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Pumpkin Bread Mini

Mini but big and fluffy.

I guess this is a belated fall post, at least for the Canada region. Snow has hit us here already, so we are in Winter mode. While we had our short autumn though I browsed the web for pumpkin recipes, or rather, there were everywhere. Being from Germany, pumpkin is not at all a staple in my autumn baking. My family once in a while would have pumpkin sweet sour as a dessert but it never suited me much. Here, pumpkin comes in many forms, mainly as pumpkin pie but also as loaf, muffin, bread, cupcake and anything else you might imagine. I accumulated a good list of recipes, about 10 pages long. I am not sure if I will be able to make them all, but it is good to know you might have the right recipe at hand.

This pumpkin loaf recipe comes from Simply Recipes (click here for there page). I was looking for something simple for a meeting and this is easy and  requires ingredients you usually would have anyway. Simply Recipes is a very good site if you need inspiration. Their Recipe Index is well organized and you can search by main ingredients, which is quite helpful.  I would recommend this site because they have basic recipes and more elaborated ones as well, pumpkin cheese cake for example.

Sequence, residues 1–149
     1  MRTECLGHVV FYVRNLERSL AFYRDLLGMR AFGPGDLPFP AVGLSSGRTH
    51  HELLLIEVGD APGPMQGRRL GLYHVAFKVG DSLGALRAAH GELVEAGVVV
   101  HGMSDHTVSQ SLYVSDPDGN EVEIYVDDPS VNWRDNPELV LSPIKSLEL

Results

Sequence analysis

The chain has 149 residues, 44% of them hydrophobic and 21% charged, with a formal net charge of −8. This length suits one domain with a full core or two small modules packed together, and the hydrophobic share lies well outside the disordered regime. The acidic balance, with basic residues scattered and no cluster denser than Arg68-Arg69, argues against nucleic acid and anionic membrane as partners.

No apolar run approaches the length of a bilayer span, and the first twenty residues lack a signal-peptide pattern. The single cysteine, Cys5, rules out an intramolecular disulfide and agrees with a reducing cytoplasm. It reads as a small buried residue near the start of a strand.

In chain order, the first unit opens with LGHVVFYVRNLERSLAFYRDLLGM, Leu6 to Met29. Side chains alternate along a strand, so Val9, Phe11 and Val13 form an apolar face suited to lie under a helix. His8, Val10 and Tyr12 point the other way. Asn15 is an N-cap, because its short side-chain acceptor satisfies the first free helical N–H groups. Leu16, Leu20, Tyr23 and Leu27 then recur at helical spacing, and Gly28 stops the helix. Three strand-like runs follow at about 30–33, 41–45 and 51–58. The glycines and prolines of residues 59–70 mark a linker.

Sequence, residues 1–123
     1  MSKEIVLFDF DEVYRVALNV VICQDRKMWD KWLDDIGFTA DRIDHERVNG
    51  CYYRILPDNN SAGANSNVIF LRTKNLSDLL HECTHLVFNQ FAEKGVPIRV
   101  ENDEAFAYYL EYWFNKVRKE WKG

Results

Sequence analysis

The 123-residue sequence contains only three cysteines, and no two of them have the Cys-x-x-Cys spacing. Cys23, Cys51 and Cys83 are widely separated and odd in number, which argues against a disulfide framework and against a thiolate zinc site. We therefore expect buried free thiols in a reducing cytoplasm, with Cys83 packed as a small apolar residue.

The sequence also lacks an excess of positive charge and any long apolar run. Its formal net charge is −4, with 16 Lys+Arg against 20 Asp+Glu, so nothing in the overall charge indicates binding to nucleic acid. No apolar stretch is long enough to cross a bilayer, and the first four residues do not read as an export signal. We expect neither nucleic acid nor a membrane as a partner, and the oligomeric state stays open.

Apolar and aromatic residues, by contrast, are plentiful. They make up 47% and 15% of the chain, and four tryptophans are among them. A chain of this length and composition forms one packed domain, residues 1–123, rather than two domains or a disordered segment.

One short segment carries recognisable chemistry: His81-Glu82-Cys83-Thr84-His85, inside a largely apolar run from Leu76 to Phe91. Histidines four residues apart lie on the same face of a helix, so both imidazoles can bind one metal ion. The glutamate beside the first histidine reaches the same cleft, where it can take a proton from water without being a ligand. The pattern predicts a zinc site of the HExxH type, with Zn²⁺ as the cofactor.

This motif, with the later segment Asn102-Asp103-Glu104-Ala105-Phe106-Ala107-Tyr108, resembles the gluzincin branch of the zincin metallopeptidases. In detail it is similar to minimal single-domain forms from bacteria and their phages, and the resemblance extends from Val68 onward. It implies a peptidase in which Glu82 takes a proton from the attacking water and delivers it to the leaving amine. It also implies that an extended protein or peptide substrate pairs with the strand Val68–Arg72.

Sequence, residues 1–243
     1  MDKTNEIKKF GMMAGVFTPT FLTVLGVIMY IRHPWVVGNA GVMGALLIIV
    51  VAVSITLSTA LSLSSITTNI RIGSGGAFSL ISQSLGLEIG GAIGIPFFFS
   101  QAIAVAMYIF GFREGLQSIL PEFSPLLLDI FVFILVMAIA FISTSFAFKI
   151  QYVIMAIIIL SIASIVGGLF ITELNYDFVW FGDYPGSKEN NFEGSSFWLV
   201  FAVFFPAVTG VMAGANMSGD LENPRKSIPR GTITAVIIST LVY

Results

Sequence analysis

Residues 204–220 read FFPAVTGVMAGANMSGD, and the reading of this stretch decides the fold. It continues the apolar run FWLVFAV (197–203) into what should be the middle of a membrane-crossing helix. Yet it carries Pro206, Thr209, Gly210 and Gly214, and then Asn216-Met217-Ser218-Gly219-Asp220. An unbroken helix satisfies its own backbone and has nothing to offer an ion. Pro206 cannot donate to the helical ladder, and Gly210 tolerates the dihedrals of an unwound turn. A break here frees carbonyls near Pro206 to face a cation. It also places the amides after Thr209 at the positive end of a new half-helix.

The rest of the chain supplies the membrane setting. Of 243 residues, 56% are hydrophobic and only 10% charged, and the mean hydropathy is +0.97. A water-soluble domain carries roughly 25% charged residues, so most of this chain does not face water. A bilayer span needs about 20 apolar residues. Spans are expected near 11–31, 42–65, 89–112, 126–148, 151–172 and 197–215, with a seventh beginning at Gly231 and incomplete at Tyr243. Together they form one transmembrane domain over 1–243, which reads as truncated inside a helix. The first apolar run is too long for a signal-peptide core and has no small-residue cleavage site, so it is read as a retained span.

One thing that I find weird is that you call this a bread, when it is essentially a cake. Why is it called pumpkin bread and banana bread and/or loaf? Has it something to do with the shape? I think I need to write about my notion of bread, or rather, my native countries’ notion of bread.


– 1 1/2 cups flour
– 1/2 tsp of salt
– 1 cup sugar
– 1 tsp baking soda
– 1 cup pumpkin purée
– 1/2 cup olive oil
– 2 eggs, beaten
– 1/4 cup water
– 1/2 tsp nutmeg
– 1/2 tsp cinnamon
– 1/2 tsp allspice
– 1/2 cup chopped walnuts, optional

There is no special secret in how to make this, basically, mix everything together. First you mix pumpkin with oil, eggs, water and spices. Then you combine that with your dry ingredients and you have your batter. One thing I never really understand: “…do not mix too thoroughly”. If anyone can explain that to me, please go ahead. I don’t understand that quite, but so far I had no issues.

Now you can use that to make big loaves of bread or you make mini ones, like I did. You can also make muffins with it, or cupcakes. Just make sure you adjust the time to the size of your pans. For regular loaf size bake at 180°C for 50-60 min. Remember, your stove could be different so you might want to check after 40 min.

One of my mini loaf batches didn’t rise, so I couldn’t use that. However, I didn’t throw it out, I put it in the freezer for later use.

Tip: If a batch doesn’t rise reuse it. For example you could make cake pops out of it. I made cake pops shaped as candy corn and everyone love it.


About andreamacleod

Take a KitchenAid Artisan machine, a young wife, time, creativity and mix it well. You end up with endless options of baking goodies from German torte to North American cupcakes. Follow me on my baking and cooking adventures and throw in your cent or two. There are no limits!

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